Bryozoan and barnacle settlement in relation to initial surface wettability: a comparison of laboratory and field studies
D. Rittschof, J.D. Costlow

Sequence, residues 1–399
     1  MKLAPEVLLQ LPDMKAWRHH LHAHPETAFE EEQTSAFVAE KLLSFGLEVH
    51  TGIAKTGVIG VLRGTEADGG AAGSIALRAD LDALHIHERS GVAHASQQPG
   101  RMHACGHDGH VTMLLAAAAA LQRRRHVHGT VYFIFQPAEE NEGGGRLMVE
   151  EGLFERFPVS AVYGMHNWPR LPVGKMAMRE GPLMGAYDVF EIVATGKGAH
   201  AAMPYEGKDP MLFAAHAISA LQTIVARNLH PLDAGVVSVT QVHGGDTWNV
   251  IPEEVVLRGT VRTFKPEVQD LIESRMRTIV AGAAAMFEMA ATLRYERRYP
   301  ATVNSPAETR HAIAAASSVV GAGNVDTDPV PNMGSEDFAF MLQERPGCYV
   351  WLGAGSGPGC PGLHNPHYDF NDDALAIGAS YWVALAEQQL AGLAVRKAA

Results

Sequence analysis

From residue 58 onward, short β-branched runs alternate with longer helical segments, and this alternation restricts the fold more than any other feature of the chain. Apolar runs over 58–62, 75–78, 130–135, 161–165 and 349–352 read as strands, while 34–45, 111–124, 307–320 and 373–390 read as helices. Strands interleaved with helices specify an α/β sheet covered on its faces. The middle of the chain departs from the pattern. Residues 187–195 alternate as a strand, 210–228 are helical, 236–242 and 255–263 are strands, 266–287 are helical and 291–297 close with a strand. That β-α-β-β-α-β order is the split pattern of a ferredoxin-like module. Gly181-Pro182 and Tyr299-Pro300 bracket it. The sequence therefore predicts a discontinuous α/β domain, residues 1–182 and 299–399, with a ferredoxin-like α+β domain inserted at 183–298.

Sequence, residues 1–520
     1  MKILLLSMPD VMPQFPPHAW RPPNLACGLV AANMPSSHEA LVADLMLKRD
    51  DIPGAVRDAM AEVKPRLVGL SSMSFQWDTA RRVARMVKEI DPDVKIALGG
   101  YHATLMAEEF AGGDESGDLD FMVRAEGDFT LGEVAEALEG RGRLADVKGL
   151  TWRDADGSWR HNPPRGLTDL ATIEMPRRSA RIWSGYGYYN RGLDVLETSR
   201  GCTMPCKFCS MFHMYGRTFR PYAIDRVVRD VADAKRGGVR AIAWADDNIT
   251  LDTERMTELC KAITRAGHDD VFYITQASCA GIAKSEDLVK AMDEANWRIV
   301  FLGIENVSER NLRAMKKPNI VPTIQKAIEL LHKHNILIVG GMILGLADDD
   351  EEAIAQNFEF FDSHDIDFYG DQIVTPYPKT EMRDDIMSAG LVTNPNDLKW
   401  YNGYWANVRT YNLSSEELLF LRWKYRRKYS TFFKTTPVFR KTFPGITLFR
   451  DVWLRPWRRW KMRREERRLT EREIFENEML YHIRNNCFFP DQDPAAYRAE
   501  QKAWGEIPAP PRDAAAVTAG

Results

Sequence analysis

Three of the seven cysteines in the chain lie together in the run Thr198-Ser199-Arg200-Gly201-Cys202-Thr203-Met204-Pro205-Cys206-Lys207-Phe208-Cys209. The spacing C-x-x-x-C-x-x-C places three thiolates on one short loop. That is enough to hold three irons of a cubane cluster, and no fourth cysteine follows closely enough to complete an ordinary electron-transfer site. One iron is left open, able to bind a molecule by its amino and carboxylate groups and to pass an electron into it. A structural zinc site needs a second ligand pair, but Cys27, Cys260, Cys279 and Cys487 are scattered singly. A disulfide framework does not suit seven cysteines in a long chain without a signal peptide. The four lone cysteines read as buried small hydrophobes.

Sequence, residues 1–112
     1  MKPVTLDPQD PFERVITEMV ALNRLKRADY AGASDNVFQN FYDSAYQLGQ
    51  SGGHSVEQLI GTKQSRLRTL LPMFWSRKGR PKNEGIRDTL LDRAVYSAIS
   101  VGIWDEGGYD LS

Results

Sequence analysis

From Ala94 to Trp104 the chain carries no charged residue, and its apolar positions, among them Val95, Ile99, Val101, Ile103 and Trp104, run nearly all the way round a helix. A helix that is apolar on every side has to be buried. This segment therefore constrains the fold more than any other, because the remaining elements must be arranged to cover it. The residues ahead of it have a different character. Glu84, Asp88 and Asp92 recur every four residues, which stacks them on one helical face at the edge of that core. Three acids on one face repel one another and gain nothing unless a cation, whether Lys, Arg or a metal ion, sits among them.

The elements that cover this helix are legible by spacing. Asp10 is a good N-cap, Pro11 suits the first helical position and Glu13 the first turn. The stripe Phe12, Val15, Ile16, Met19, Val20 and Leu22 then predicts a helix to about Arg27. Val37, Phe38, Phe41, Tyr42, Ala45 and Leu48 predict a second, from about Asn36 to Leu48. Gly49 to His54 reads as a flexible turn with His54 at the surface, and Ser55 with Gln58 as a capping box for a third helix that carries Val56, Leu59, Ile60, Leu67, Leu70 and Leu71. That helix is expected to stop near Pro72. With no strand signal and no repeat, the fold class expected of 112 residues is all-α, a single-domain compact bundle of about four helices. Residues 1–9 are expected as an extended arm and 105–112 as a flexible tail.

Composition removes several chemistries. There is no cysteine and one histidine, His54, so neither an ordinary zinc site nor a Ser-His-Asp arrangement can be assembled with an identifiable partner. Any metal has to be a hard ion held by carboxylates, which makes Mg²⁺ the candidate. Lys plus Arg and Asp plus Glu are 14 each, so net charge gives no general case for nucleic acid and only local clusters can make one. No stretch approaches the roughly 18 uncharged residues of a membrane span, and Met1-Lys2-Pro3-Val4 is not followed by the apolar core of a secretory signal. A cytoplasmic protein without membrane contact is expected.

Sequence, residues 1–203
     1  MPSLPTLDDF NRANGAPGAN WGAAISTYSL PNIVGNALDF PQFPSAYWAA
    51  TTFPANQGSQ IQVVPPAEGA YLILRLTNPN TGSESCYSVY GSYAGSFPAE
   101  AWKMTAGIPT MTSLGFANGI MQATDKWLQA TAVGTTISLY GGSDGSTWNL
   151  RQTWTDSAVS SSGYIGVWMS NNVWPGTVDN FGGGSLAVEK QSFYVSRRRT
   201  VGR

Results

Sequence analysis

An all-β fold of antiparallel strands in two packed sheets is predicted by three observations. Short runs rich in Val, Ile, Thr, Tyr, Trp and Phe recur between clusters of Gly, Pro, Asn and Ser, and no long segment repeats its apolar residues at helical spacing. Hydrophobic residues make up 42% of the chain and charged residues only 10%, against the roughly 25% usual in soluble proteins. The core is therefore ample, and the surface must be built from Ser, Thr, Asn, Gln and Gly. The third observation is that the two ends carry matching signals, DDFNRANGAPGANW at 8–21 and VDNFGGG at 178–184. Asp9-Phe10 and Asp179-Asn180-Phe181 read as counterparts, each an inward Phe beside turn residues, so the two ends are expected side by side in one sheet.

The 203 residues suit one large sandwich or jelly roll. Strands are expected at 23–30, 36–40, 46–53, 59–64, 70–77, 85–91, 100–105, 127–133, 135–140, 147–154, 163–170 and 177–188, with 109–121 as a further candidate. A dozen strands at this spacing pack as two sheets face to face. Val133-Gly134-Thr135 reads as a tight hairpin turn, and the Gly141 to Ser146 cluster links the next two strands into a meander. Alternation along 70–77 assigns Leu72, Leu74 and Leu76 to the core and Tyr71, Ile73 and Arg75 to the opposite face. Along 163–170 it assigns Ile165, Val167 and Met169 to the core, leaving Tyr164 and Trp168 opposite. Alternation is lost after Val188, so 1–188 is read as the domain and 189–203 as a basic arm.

The hypothesis that surface chemistry, specifically initial wettability, can be a determinant in settlement of estuarine macroinvertebrate larvae was tested. Of additional interest was how well laboratory settlement tests would predict results obtained in the field. Initial surface wettability has an effect on settlement of barnacle and bryozoan larvae in the laboratory and in the field. The relationship between wettability and settlement in the laboratory and in the field is opposite for the two species. Barnacles settle in higher percentage on surfaces with higher initial wettability. Bryozoans settle in higher percentage on surfaces with lower initial wettability. At intermediate levels of wettability, both species of larvae settle. Surfaces exposed to sea water did not change wettability measurably in 6 days. Settlement of barnacles and bryozoans was inversely correlated (R = -0.94). These studies demonstrate that surface chemistry can play a significant role in determining the distribution and abundance of barnacles and bryozoans.